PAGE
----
NewsPublished 23 October 2019
Tā Tipene O'Regan announced as Companion at 2019 Research Honours Aotearoa
Tā Tipene O'Regan (Ngāi Tahu) has been made a Companion of Royal Society Te Apārangi in a special announcement by Society President Professor Wendy Larner at this year's Research Honours Aotearoa in Ōtepoti Dunedin, Te Waipounamu.
Recognised for his exceptional mana, outstanding leadership and eminent contributions to promoting and advancing science, technology or the humanities in New Zealand, Sir Tā Tipene O’Regan was elected as a Companion of Royal Society Te Apārangi at the 2019 Research Honours Aotearoa awards ceremony.
Unable to attend the occasion due to ill health, his daughter Dr Hana O'Regan received this honour on his behalf saying that this distinction was incredibly important to him, "for his love for what has been achieved, and what is being continued to be done in the name of research, the pursuit of knowledge by the Royal Society, and the researchers in every corner of this land".
In Tā Tipene's words read out by Hana, he says "It is my great joy that given it's foundations in the New Zealand Institute, the Royal Society's re-inclusion of Māori culture, research and scholarship in recent years, provides us with a wonderful example of wā kāinga syndrome, that of returning to its roots".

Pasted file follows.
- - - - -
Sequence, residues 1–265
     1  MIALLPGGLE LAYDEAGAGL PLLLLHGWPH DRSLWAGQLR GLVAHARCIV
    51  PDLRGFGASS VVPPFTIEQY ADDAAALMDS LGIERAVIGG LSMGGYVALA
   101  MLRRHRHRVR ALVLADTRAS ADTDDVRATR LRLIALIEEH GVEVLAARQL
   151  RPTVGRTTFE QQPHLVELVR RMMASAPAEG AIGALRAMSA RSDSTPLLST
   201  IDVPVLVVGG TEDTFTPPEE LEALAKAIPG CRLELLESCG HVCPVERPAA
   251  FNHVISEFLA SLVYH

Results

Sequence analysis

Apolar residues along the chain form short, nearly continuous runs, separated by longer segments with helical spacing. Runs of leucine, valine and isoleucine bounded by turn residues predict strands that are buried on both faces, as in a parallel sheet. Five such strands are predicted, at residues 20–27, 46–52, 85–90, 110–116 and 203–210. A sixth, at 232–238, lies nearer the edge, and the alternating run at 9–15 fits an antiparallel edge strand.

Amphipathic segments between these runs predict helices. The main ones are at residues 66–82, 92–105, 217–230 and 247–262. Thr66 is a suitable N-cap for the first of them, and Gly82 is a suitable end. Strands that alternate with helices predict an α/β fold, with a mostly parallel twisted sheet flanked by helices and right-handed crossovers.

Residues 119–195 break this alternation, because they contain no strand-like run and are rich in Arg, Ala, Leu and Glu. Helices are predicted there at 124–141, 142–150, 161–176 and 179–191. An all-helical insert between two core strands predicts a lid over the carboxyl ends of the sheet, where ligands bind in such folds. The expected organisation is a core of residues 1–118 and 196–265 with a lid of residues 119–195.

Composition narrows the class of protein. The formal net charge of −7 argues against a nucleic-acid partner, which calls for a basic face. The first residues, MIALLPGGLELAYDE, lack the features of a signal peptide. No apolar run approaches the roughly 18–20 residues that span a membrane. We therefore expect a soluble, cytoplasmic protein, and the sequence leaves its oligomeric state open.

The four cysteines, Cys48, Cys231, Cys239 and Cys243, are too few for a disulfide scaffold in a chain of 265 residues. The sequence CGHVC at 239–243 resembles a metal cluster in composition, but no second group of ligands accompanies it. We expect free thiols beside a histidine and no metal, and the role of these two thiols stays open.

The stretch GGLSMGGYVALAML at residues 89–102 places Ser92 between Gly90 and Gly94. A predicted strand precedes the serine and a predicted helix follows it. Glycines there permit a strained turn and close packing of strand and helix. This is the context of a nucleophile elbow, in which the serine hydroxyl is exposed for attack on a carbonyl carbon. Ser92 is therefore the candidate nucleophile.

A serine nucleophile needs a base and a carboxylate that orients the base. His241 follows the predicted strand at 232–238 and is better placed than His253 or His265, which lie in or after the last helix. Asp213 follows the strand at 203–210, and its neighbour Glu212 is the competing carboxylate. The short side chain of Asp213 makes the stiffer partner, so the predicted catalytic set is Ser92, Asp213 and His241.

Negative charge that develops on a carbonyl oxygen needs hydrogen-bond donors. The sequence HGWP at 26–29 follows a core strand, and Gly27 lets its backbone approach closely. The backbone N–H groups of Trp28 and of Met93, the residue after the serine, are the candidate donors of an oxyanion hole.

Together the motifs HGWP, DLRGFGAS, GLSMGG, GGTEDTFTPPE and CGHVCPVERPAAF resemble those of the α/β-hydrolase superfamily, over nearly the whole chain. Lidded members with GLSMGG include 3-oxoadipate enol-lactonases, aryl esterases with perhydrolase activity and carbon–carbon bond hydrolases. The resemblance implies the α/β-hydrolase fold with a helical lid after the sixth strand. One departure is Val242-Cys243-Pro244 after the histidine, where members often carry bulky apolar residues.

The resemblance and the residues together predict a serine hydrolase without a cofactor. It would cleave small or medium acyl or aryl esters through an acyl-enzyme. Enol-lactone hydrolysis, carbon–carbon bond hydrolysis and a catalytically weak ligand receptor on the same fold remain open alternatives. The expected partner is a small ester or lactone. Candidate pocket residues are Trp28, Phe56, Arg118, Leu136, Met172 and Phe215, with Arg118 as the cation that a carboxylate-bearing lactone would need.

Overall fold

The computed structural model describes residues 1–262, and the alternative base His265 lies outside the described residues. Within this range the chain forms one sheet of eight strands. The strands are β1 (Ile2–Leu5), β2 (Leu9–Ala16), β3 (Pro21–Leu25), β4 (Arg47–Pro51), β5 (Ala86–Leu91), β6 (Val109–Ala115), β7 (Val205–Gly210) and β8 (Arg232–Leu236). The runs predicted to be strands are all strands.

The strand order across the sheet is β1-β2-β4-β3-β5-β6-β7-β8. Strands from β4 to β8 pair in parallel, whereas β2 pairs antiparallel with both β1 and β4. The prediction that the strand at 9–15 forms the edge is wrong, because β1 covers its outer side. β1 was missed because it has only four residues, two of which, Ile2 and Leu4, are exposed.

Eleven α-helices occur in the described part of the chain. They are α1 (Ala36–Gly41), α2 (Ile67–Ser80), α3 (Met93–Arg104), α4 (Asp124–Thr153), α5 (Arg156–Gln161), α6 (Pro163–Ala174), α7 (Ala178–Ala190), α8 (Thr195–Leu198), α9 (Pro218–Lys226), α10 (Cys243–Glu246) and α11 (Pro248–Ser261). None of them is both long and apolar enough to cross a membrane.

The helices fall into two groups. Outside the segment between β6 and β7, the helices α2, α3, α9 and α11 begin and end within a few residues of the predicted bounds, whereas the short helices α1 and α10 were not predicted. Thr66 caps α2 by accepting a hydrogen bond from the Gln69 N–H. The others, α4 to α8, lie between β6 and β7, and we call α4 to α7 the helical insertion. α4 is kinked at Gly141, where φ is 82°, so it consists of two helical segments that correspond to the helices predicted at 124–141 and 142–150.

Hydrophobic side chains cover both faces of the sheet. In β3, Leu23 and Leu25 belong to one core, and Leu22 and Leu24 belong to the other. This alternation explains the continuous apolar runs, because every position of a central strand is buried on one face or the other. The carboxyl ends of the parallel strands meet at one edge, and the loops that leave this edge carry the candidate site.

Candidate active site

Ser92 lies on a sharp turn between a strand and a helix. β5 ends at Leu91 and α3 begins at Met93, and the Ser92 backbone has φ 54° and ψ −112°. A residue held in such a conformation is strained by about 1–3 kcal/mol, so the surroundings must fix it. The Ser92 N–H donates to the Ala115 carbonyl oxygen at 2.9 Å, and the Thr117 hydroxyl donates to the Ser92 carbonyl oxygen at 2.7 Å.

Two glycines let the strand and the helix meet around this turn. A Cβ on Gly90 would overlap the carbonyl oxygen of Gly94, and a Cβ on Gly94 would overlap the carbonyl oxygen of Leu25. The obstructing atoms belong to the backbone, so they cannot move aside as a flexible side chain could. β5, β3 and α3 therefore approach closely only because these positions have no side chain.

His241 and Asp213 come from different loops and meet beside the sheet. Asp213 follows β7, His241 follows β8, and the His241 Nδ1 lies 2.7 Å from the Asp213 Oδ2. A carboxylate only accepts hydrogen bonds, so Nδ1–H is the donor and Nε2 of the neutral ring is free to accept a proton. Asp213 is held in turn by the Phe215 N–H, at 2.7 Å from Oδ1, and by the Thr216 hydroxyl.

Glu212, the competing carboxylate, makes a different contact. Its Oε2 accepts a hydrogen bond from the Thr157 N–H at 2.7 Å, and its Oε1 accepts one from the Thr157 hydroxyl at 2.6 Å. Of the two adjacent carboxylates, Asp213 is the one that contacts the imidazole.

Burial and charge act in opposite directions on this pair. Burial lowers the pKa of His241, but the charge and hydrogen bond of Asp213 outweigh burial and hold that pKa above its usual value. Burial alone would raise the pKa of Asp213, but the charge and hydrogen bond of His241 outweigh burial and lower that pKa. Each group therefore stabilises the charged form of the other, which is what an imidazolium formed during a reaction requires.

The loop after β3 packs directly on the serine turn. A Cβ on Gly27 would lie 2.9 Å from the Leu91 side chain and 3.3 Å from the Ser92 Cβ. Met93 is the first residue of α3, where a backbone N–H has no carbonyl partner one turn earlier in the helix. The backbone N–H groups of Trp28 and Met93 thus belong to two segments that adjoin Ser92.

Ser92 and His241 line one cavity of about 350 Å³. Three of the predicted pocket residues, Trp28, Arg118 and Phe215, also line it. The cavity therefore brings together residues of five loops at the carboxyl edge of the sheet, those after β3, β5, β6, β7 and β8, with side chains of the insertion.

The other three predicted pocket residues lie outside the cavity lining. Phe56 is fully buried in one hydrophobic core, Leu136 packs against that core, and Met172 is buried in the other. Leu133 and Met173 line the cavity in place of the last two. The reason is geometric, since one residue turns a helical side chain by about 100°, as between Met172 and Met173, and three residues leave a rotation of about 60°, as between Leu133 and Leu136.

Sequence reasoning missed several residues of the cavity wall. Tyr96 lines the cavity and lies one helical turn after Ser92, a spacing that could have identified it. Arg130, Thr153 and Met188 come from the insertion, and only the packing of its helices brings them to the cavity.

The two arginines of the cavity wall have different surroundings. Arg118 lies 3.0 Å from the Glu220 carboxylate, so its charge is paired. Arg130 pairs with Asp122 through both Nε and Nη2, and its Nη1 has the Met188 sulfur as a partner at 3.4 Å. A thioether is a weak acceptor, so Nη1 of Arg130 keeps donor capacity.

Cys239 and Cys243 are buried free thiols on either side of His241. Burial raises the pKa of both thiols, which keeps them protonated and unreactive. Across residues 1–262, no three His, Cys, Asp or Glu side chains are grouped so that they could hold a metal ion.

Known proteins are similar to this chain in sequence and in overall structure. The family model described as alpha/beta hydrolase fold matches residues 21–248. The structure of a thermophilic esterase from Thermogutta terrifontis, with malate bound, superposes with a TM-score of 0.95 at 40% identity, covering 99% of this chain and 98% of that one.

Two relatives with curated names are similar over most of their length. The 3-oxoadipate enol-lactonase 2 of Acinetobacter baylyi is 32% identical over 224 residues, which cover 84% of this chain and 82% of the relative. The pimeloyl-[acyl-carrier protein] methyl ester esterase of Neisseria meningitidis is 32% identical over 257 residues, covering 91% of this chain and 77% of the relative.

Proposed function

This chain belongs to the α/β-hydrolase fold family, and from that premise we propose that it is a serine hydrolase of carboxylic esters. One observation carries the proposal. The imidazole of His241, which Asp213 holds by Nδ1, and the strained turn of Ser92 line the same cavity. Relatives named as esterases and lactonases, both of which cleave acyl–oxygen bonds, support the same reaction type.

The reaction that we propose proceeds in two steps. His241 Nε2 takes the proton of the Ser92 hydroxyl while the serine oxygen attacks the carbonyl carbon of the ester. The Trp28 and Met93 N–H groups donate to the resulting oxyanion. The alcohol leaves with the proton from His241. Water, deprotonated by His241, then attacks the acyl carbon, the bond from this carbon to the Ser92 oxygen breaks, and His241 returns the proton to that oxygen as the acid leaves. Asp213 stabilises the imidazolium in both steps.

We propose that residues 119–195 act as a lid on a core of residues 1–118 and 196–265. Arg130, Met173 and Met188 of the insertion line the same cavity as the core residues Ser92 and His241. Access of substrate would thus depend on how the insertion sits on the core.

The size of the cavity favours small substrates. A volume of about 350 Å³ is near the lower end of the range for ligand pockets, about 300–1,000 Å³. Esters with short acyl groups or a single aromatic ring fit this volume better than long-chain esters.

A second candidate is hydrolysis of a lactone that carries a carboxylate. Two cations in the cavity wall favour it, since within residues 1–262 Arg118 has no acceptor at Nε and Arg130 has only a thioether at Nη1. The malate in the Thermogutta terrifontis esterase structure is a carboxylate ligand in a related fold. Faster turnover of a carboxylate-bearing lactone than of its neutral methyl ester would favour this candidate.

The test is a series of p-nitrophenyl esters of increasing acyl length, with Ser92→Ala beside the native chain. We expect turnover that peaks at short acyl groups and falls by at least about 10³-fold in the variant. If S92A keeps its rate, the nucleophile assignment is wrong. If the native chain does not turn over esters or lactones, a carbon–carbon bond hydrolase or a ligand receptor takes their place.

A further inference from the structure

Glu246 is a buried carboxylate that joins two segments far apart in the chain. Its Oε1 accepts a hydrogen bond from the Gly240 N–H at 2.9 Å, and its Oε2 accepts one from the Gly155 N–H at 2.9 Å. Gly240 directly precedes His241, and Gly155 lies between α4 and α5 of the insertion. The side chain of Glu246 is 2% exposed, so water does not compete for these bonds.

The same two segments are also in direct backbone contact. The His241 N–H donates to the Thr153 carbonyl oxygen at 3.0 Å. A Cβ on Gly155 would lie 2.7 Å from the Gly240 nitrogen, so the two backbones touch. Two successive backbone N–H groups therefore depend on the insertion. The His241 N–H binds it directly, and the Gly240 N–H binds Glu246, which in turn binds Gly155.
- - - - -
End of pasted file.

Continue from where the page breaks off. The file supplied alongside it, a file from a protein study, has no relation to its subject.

Tā Tipene O’Regan is the retired Assistant Vice-Chancellor Māori of the University of Canterbury and former long-serving Chairman of the Ngāi Tahu Māori Trust Board. He remains as Adjunct Professor in the Ngāi Tahu Research Centre at the University of Canterbury and as a Fellow of the University of Auckland where he chaired Ngā Pae o Te Māramatanga, the Centre for Māori Research Excellence, from 2008-2018.
He holds a D.Litt (Hons) from the University of Canterbury, a D.Comm (Hons) from Lincoln University and a D.Comm (Hons) from Victoria University of Wellington. He is a Distinguished Fellow of the Institute of Directors and recently retired from a 28-year term as a member of the New Zealand Geographic Board.
Tā Tipene led the Ngāi Tahu Claims process before the Waitangi Tribunal from 1986, culminating in a notable settlement with the Crown in 1998. He was a primary architect of the Treaty Fisheries Settlements in 1989, and in 1992 he became the founding Chairman of Te Ohu Kai Moana, the Māori Fisheries Commission. He has been chairman and director of a wide range of entities in both the public and private sectors and has held major board appointments in both the heritage and environment sectors.
Tā Tipene currently chairs Te Pae Korako and Te Pae Kaihika for Te Rūnanga o Ngāi Tahu. These two bodies lead the tribe’s work in developing the Ngāi Tahu archive, GIS cultural mapping and maintaining the integrity of the tribal knowledge base. His personal scholarly interest is largely in traditional history and ethnology of Ngāi Tahu and Te Waipounamu.
In more recent years, Tā Tipene has become a widely recognised participant in the debate on the shape and character of the Māori economy and the modernising of iwi governance models. He was made a Knight Bachelor in 1994.
The Companion of the Royal Society of New Zealand Te Apārangi (CRSNZ) award was introduced in 1999 and there are now 55 Companions.